What Core Values Drive Your Peer Advisory Group?
Earlier this week, Glen Hellman wrote a posted titled, 5 Signs Your Company’s Core Values are Rotten. The timing was perfect, as my graduate students from Seton Hall University’s MASCL Program were engaged in an exercise to define the vision and values of their learning team. As I noted in a post last year, Learning Teams and Peer Advisory Groups have a great deal in common. So it begs the question, “What Core Values Are Driving Your Peer Advisory Group?
If your group doesn’t have a set of core values, you should consider working together to identify and implement them. In the context of companies, I offered some thoughts on Executive Street as to why so many people steer clear of engaging in any kind of serious dialogue on this subject.
“I hear from people all the time that concepts like vision, mission, and values are just “feel good ideals” that, in the end, really don’t make a difference in the real, day-to-day work of a company and its employees. It’s an even more common view during tough economic times. They talk of toiling with these ideals as “soft skills,” with the tacit implication that even thinking about them, let alone addressing them, is an act of self-indulgence rather than necessity. This is despite all the evidence that shows people who find purpose in their work and who align with their employer’s priorities are happier, more productive, and more loyal to their company….One reason most managers scoff at such ideals is that they think about values in terms of cafeteria posters and off-site staff retreats which they believe accomplish nothing but take people away from the real work of the organization. It’s regarded as a sideline, a distraction. And in fairness, for some organizations it is.” (Largely because they fail to avoid what Glen so clearly outlines in his post).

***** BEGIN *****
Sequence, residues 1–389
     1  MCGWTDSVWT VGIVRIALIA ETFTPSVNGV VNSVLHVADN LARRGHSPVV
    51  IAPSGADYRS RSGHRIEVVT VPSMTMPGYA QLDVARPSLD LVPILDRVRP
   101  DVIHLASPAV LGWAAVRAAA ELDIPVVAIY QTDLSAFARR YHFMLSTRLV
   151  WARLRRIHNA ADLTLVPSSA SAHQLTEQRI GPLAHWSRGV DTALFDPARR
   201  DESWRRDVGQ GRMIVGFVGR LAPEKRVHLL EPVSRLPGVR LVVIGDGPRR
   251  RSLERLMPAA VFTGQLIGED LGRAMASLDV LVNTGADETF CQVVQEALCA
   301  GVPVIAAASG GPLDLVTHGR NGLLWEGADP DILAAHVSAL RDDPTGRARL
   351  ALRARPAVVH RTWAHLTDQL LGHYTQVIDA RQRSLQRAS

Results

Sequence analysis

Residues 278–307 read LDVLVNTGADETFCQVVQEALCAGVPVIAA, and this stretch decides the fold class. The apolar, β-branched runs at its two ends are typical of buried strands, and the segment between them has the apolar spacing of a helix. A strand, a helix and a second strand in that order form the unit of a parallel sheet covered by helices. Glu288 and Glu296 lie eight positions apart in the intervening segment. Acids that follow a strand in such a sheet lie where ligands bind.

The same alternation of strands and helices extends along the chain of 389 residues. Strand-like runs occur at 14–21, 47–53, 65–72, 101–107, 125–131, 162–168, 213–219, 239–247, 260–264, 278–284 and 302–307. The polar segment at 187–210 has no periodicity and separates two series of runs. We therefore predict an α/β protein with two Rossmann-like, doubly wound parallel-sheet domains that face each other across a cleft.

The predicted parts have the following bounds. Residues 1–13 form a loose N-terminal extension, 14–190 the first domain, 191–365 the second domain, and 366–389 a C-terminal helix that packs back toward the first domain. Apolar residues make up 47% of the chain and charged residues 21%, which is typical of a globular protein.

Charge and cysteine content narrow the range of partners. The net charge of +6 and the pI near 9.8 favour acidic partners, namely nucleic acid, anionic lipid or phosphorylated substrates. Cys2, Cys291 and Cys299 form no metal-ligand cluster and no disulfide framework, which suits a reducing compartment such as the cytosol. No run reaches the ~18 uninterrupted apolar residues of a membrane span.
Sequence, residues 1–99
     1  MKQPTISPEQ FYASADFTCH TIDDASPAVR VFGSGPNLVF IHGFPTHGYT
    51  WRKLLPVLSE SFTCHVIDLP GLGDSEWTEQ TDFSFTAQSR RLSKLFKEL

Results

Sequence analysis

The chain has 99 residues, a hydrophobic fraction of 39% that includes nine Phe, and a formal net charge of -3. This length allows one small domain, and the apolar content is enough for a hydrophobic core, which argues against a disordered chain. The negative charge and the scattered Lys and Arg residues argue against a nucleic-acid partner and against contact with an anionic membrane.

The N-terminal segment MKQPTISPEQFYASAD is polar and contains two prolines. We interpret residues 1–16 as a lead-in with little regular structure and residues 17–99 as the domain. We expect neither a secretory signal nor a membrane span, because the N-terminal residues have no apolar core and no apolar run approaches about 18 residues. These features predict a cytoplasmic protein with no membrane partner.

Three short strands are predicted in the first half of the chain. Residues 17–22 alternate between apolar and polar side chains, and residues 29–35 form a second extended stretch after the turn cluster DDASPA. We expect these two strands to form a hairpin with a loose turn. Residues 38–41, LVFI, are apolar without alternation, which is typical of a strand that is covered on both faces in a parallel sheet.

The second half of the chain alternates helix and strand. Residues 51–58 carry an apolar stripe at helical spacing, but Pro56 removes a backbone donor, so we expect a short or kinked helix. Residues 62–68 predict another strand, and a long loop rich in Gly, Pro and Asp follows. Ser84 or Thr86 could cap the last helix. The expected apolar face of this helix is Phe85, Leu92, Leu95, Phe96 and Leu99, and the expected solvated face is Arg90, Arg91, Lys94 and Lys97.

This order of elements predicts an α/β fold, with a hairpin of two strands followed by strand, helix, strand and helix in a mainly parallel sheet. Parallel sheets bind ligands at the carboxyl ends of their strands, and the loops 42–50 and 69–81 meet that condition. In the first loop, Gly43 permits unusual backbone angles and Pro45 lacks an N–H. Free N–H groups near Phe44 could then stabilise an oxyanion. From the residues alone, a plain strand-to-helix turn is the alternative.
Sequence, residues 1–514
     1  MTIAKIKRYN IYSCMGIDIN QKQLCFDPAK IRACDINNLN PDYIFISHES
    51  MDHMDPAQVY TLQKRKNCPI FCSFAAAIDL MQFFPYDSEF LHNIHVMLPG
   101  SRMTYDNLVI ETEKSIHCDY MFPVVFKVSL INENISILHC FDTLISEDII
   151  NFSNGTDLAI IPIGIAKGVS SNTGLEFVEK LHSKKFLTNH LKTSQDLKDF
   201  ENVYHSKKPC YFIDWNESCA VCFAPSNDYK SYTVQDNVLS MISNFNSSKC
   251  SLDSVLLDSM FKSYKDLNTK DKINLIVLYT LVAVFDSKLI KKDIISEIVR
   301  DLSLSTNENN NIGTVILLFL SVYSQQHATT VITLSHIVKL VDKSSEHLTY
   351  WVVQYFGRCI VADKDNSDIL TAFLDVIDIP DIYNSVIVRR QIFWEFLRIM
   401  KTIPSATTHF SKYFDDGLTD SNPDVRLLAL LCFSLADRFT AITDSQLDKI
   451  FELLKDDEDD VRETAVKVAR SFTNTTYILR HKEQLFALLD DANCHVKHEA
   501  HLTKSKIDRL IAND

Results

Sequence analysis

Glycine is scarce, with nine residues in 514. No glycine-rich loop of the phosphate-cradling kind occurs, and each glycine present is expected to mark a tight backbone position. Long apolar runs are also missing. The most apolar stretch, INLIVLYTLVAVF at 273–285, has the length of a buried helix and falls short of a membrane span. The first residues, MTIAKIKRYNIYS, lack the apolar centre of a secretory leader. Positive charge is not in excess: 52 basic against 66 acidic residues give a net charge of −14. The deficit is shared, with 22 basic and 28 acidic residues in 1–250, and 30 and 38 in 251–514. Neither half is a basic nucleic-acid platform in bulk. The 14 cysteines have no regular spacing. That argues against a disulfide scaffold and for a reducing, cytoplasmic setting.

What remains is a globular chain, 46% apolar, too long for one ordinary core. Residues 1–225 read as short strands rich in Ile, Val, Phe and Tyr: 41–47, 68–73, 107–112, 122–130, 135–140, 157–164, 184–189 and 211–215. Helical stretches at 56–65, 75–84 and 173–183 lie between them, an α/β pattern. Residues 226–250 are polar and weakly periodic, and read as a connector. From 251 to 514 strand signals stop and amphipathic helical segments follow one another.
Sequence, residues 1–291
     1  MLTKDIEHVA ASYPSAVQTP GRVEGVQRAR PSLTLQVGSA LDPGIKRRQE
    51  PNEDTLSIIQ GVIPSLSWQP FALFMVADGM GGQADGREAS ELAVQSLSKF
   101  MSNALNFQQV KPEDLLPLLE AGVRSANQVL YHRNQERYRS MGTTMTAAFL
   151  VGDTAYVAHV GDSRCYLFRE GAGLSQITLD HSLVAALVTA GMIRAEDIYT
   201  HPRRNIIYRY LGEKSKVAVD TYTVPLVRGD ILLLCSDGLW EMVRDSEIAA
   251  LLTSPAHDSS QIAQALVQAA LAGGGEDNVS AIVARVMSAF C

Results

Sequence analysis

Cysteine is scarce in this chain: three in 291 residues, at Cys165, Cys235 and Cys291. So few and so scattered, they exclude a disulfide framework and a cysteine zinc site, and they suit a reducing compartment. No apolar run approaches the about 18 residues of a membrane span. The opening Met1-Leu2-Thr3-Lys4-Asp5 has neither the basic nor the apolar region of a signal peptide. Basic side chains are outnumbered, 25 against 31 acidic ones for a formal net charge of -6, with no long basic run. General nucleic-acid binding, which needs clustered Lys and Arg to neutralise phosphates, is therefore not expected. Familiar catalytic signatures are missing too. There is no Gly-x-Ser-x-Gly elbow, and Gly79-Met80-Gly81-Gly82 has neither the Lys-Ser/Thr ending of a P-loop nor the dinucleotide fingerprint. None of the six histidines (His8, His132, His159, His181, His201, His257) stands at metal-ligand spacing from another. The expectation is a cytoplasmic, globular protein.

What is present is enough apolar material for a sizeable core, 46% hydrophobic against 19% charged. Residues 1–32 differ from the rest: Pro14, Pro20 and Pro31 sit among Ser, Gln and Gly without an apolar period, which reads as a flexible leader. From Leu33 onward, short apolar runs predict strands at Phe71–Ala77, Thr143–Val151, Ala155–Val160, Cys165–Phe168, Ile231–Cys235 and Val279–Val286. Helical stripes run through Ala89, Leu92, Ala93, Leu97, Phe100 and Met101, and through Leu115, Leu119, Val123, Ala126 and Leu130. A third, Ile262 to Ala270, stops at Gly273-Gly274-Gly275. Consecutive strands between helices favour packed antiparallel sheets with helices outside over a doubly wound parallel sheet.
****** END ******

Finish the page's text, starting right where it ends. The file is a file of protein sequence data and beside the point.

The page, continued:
It doesn’t have to be that way. Values matter. Vistage Groups embrace the values of Trust, Caring, Challenge & Growth. It’s not a shopping list of ideals or a poster of words created to adorn a wall. They serve as the guiding principles that set the tone for the group’s culture of learning, accountability, and success. In examining these values, let me offer a look into their real genius:
1) If you see the four values as just a list of individual values, each stands on its own.
2) If you look at them from a linear perspective, you’ll find they are sequential: After building trust, people grow to care about one another’s personal and professional welfare. This creates an environment where group members can challenge one another positively to foster growth. (You’ll even see a yin and yang at work with caring and challenge. People are much more willing to accept being challenged if it comes from a place of caring, just as challenging someone can demonstrate that you care enough about them to do so. Caring and challenge aren’t conflicting – one depends upon the other).
3) If you’re a systems thinker, it’s easy to spot that realizing growth inspires even more trust in a manner that fuels a powerful cycle. The values form a reinforcing loop.
Among other things, I believe these are the reasons that Trust, Caring, Challenge & Growth have stood the test of time for Vistage Groups.
If you’re already a member of a peer advisory group, and you don’t have a set of core values to which you can subscribe, consider taking some time during your next few meetings to craft your own. It’s not easy, but I believe you’ll find it worth the effort. If your group has a set of core values that you’d like to share with us, please do and, more importantly, tell us how they make your group more effective!
Oh, and Happy Father’s Day!
Tags: CEO, challenge, Glen Hellman, Growth, peer advisory groups, trust, Vistage